1. You and your crew need d4 Rations to get through today, as it seems to never end.
  2. 50/50 chance you do the opposite of your stated intentions, as you have fallen into the wrong timeline.
  3. Future-version of your ship sails by. d4 WIL damage, but each PC can reroll any one roll thanks to their (terrified, terrifying) advice. Touching your time-duplicate will do d6 damage; the applies to ships as well. Basically, Timecop rules. Remember Timecop?
  4. Accelerated entropy. Boat takes d6 dmg. If it is armored, armor can reduce damage, but is damaged in turn and will provide 1 fewer point of protection until repaired.
  5. Fast time! You may skip one level of dice-rolling (d4 can go straight to d8, or vice versa) because of the velocity you gain. Also age 2 years and 10 years go by in Bastion.
  6. Time loop! You start each day with this day's stats, in the same place, and must figure out a way to get out. After a day or two some Astral God vision should start giving clues about how to get out, feel free to make up more scenarios/ways out. WAYS OUT: a) everyone must be Good To One Another. Requires at least a WIL save, probably some extra rations burned up making bathtub gin. b) Break the Flying Hour Glass that suddenly started circling the ships. 8 hp 1 armor, d10 dmg (slings and arrows of outrageous fortune. literally slings and arrows.).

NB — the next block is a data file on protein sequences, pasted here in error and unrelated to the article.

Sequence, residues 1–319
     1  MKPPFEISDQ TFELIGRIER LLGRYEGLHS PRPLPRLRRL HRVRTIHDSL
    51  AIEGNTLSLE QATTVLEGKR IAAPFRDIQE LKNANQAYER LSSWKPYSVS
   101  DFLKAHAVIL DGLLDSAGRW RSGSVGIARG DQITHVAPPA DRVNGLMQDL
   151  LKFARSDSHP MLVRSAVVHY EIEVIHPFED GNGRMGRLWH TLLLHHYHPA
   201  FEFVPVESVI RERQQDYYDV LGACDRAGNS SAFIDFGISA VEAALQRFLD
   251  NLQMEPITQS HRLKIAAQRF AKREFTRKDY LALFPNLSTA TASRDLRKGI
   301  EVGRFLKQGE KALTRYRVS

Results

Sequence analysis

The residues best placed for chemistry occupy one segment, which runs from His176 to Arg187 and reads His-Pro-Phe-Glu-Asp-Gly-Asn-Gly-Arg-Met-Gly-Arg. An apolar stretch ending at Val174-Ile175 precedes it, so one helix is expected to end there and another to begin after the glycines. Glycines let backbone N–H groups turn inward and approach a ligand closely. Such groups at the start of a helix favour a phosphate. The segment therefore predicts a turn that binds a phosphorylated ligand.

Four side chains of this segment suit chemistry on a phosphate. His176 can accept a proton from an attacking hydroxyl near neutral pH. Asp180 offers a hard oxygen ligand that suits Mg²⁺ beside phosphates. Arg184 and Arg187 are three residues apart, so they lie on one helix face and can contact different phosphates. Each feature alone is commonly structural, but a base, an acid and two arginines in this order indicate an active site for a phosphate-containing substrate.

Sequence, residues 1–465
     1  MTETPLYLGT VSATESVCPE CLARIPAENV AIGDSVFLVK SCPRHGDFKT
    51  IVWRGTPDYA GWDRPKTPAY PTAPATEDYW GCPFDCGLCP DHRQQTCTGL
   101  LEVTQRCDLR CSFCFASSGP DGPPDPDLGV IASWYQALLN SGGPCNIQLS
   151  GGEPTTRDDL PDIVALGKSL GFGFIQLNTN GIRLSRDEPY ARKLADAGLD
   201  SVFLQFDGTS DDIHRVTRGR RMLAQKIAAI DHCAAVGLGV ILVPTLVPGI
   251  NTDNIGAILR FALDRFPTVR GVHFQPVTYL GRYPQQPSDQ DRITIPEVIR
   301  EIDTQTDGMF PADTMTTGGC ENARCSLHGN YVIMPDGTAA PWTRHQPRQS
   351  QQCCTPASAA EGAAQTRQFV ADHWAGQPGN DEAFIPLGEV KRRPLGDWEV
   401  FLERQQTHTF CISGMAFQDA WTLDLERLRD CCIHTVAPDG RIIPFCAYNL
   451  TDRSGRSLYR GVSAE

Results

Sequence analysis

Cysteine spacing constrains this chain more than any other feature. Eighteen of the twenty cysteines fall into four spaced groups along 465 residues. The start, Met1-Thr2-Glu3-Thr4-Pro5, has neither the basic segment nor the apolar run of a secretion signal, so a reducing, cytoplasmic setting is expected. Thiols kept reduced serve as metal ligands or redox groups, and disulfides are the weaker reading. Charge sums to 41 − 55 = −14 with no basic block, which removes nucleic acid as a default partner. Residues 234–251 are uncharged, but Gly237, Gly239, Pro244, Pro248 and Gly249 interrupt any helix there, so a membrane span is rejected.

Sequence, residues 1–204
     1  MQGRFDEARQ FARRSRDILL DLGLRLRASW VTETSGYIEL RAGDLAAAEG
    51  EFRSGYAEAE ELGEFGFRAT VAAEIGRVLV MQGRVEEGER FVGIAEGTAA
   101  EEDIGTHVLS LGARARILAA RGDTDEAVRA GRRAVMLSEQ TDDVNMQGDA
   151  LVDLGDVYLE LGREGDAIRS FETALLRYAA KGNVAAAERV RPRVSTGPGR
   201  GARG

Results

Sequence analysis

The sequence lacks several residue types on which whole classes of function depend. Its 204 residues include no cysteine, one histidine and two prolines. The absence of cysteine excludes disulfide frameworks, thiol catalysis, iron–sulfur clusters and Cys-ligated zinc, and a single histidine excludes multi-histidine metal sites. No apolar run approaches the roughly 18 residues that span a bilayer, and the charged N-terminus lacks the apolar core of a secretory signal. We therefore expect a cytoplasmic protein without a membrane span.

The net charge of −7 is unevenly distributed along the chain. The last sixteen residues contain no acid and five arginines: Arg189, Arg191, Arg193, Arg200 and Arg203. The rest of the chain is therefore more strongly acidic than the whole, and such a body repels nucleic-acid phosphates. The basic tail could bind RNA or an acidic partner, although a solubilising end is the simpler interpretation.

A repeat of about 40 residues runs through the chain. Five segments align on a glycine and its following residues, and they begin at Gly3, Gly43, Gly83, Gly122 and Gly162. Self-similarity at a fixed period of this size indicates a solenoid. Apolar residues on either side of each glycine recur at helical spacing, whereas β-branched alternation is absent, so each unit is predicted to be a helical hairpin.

1. Organic beings corrupted! Role on a mutations table
  2. Boat becomes sentient, may or may not want to be a part of this foolishness. Does not want to die. 2d6 WIL.
  3. Water is a powerful intoxicant. Beer and rum doubly so. Battalions may become totally (and understandably) wasted, given how bad everything probably is.
  4. Wood grows. You have to hack through doors (d4 hp), the mast is twice as tall, rigging and sails must be improvised or cannibalized from other boats.
  5. Rations scurry about! A battalion must hunt for them today or you will lose d6 rations. If they hunt them, the scurrying parts of the rations will count as an extra ration, if you can choke that down or sufficiently disguise it.
  6. Gunpowder works too well! If firearms or cannons are used, they work once and then are rendered broken.


  1. All organic beings sparkle with electricity. Contact deals d6 dmg to both. 
  2. All organic beings are incredibly fast today! You can run at super-speeds but it's a DEX save or slam into something for d8 damage. DEX save for any fine or delicate work.
  3. It seems to require more force to achieve the same acceleration. Battalions must be encouraged to get any work done, and an extra d4 rations will be consumed.
  4. So cold, icebergs form in jagged, submerged masses. The boats must be carefully piloted to avoid d6 damage.
  5. Light is slowed. Ranged attacks impossible, nothing is quite where it appears to be. Good luck driving the boat through any obstacles.